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Ballistic: Ecks vs Sever

(Kaos, USA, 2002)


 


There is really only one test of quality for a certain kind of contemporary, American action movie heavily influenced by Hong Kong cinema: how gracefully and dexterously can the hero spin around mid-battle, discarding and reloading guns, or producing extravagant weapons from seemingly bottomless pockets? And does their leather coat fly up in the wind (in slow motion, of course) just so?

Judged on this criterion, the oddly titled Ballistic: Ecks vs Sever can match The Matrix (1999) or The Replacement Killers (1998). With a nice twist: it’s not Keanu Reeves or Chow Yun-Fat strutting their stuff, but Lucy Liu as Sever, a "rogue NASA agent".

By contrast, Ecks (Antonio Banderas) is a rather slow moving, melancholic FBI agent. He spends more time drinking in bars and remembering his lost love than whipping out his gun. His life has been derailed by the evil Gant (Gregg Henry). But the mysterious Sever also has issues with Gant, so Ecks soon comes to suspect he may have an ally in her, on the other side of the law.

Ballistic is a film that has been dismissed by most critics overseas. They have failed to see not only what is efficient about it in generic terms but also what is novel. Writer Alan McElroy and director Kaos (short for Wych Kaosayananda) construct the story around a theme of destroyed families – another mark of its debt to the Hong Kong model.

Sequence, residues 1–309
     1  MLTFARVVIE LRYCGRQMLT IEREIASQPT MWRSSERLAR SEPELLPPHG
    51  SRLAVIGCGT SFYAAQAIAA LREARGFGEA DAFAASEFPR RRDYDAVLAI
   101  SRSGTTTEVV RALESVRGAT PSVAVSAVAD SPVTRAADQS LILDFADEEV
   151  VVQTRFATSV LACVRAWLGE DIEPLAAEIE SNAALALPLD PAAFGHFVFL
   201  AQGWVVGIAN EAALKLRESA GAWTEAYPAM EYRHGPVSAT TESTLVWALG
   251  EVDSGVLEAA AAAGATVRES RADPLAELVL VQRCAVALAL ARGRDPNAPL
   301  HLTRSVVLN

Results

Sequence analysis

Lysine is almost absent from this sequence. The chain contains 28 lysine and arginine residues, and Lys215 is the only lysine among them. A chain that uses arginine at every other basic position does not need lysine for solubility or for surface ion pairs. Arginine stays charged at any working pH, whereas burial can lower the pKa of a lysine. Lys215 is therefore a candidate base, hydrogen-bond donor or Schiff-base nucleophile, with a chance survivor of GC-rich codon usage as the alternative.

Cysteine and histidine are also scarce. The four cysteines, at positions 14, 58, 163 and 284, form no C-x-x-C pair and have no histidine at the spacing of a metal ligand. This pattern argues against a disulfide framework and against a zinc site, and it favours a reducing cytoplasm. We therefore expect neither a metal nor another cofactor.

For Ecks, there is a hidden fact to be learned about his family ties. For Sever, the problem is upfront: she has faced the terrible truth that patriarchy simply will not allow her to mix motherhood and a career as an action-hero. Her revenge against the system for this privation is rather wonderful to watch.

There is also a deadly micro-device at the centre of this plot – a scary implant reminiscent of medical horror movies like Coma (1978). It sits inside an innocent child, waiting to be detonated. Here again, family melodrama and ass-kicking action are ingeniously combined. Ballistic is no masterpiece, but on its own terms it is captivating and pleasurable.

© Adrian Martin March 2003


Film Critic: Adrian Martin
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